On Wednesday, Turner issued a similar pep talk, lamenting that attacks on journalists have increased and are more dangerous than ever. “Personal attacks … and the subsequent oppressive media environment they create, are just two strategies for silencing the truth that is now amplified by the pandemic,” he said.

Watching from the wings, former officials who follow the matter are concerned.

Matt Armstrong, a former Republican appointee to the board of the USAGM’s predecessor, the Broadcasting Board of Governors, said the Trump administration had shown a “gross misunderstanding the agency’s mission” in attacking VOA. He also questioned why the administration was using the controversy to push for Pack’s nomination when it could have made personnel changes already.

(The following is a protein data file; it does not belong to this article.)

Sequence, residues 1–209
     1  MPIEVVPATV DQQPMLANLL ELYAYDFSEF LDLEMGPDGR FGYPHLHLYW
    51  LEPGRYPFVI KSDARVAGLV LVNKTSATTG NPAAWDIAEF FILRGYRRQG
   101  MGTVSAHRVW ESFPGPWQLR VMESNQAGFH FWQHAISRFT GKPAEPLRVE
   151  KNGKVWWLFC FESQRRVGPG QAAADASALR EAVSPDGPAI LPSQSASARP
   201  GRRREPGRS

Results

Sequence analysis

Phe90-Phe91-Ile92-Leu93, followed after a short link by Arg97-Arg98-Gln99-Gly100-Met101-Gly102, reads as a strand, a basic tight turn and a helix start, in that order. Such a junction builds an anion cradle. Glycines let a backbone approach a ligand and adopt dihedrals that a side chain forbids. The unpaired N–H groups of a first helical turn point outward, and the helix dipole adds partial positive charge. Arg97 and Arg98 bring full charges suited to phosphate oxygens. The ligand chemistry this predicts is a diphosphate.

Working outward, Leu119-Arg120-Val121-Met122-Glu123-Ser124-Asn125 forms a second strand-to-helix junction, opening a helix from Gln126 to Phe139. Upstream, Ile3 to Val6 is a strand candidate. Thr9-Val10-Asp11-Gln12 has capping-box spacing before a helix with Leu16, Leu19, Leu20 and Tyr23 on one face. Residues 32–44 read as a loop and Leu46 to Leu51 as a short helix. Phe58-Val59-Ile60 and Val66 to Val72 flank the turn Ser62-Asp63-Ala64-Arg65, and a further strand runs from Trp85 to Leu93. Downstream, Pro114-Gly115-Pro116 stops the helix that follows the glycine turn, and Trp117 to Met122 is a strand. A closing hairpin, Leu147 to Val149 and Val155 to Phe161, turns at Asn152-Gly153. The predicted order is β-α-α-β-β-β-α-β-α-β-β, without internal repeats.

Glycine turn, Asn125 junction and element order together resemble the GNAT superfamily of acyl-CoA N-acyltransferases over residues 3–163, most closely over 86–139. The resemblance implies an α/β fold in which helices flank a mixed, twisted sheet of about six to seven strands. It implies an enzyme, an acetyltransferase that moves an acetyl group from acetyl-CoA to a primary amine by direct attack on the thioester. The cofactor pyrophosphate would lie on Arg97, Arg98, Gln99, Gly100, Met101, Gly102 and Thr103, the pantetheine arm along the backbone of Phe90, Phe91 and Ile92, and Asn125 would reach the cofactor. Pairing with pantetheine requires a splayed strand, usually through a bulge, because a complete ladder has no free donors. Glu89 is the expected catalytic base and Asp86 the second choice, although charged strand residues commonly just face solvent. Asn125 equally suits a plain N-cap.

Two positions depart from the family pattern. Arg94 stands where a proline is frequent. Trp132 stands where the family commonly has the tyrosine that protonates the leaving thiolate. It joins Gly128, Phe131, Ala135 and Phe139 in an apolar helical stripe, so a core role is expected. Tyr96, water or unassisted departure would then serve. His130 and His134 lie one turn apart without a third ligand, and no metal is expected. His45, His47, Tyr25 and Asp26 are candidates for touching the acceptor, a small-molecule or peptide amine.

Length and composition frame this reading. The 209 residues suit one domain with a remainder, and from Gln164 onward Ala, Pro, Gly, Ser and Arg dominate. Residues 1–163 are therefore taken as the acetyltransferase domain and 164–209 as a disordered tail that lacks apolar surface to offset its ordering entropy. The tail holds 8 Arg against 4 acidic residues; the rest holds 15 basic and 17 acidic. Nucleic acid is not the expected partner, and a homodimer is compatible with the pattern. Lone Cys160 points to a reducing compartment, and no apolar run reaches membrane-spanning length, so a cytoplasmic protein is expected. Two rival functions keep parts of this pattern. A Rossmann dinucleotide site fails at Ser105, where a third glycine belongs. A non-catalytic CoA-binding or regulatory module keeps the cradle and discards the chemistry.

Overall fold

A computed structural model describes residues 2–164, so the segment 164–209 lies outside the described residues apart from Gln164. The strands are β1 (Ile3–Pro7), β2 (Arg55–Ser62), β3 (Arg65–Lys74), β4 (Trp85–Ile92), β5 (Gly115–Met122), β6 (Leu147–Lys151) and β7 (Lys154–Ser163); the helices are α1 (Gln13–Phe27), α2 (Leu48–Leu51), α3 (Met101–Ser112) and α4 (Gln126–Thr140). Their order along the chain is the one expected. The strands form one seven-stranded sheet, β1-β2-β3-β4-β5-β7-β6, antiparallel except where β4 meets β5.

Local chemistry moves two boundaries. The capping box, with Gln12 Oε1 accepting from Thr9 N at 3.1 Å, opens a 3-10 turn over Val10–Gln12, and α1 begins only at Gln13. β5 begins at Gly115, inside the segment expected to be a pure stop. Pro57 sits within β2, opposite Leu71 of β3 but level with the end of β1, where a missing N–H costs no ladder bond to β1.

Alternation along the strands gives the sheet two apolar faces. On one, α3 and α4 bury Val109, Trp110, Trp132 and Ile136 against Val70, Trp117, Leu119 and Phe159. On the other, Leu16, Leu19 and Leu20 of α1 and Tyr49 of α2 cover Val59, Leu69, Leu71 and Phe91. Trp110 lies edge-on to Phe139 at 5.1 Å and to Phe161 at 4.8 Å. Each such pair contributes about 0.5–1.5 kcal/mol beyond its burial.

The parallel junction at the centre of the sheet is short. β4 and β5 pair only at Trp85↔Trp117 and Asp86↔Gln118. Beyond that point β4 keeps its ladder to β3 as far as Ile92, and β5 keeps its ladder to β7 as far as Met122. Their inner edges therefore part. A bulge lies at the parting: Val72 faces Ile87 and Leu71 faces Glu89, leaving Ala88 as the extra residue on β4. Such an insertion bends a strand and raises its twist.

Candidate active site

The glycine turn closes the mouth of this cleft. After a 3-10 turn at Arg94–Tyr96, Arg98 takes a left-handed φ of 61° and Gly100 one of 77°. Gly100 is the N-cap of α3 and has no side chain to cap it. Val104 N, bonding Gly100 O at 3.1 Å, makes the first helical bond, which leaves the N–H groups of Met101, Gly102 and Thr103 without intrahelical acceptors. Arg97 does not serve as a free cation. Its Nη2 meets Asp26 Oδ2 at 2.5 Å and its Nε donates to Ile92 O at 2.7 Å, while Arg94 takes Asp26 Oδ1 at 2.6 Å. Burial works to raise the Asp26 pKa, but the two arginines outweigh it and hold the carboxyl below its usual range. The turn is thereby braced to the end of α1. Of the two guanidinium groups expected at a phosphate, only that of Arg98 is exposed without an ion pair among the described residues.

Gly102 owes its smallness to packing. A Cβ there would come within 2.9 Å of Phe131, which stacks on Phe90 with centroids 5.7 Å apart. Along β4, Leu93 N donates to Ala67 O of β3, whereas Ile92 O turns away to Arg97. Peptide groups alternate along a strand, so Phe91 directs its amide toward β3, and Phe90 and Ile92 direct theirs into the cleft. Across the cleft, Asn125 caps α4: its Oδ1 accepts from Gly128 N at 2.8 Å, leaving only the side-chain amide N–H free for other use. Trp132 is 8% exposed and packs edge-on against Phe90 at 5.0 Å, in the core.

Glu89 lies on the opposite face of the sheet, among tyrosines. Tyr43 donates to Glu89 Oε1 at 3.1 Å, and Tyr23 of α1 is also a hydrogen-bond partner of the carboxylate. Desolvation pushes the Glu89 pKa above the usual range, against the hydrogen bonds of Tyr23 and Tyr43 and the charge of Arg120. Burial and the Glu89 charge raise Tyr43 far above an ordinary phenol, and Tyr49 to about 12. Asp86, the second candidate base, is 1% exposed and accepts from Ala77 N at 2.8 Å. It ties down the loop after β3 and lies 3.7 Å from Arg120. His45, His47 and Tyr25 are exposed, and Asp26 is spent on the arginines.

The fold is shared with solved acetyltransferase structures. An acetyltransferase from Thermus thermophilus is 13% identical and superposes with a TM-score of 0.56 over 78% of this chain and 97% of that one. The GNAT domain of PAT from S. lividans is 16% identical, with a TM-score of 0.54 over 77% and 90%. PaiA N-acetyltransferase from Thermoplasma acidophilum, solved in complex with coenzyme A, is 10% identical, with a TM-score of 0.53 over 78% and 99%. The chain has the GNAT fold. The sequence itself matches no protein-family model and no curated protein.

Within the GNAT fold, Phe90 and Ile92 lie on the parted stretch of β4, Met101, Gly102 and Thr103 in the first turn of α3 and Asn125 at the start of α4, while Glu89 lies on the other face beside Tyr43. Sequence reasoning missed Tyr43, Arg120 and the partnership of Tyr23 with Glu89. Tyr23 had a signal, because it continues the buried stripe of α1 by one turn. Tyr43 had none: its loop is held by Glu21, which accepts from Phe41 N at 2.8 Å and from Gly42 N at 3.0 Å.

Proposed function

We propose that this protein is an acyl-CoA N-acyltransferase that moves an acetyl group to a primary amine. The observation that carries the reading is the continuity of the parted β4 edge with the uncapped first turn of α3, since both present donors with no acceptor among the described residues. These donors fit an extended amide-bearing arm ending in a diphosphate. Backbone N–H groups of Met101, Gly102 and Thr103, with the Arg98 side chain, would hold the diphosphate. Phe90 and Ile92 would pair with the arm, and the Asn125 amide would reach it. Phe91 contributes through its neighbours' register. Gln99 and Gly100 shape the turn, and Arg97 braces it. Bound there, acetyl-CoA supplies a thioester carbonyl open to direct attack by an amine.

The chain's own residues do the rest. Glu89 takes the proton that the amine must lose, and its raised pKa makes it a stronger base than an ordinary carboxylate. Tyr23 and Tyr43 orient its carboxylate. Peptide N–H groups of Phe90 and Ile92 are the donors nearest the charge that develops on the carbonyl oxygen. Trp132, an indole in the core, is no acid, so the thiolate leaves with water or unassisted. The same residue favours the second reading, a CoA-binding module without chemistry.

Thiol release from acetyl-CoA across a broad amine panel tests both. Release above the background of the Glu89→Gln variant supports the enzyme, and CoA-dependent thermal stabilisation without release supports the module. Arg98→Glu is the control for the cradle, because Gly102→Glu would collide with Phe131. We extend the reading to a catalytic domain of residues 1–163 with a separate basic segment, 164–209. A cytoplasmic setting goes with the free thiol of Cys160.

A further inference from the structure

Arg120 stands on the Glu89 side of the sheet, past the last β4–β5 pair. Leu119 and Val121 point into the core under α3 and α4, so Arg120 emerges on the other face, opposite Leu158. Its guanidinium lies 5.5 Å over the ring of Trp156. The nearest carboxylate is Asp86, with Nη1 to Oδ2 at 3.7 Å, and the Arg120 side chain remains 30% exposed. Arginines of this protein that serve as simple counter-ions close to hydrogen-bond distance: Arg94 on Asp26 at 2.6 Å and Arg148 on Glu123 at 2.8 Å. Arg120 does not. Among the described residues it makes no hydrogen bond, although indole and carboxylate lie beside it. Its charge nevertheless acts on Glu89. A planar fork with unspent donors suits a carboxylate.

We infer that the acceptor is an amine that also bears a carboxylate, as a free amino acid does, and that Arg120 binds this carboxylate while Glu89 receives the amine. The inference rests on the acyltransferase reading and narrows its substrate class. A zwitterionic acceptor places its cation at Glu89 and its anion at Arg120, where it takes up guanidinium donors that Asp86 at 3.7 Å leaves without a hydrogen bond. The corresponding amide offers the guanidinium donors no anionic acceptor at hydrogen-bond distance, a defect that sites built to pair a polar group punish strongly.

“I think they’re snowflakes, pretending to be upset about something that they shouldn’t be,” he said. “The Trump administration’s tantrum over VOA is huffing and puffing over something they could have done years ago. This episode further reveals their inability to manage the government they are in charge of.”


Follow Associated Press diplomatic writer Matthew Lee at http://twitter.com/apdiplowriter